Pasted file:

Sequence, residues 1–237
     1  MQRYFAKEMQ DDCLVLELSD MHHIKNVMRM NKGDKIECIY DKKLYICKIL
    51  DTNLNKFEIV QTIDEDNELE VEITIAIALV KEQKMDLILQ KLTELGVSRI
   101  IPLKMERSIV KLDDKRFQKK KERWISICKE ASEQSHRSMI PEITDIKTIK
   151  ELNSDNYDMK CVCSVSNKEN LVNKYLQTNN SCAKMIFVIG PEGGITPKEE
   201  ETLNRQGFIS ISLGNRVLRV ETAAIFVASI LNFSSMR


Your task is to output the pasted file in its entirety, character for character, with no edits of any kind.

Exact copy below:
Sequence, residues 1–237
     1  MQRYFAKEMQ DDCLVLELSD MHHIKNVMRM NKGDKIECIY DKKLYICKIL
    51  DTNLNKFEIV QTIDEDNELE VEITIAIALV KEQKMDLILQ KLTELGVSRI
   101  IPLKMERSIV KLDDKRFQKK KERWISICKE ASEQSHRSMI PEITDIKTIK
   151  ELNSDNYDMK CVCSVSNKEN LVNKYLQTNN SCAKMIFVIG PEGGITPKEE
   201  ETLNRQGFIS ISLGNRVLRV ETAAIFVASI LNFSSMR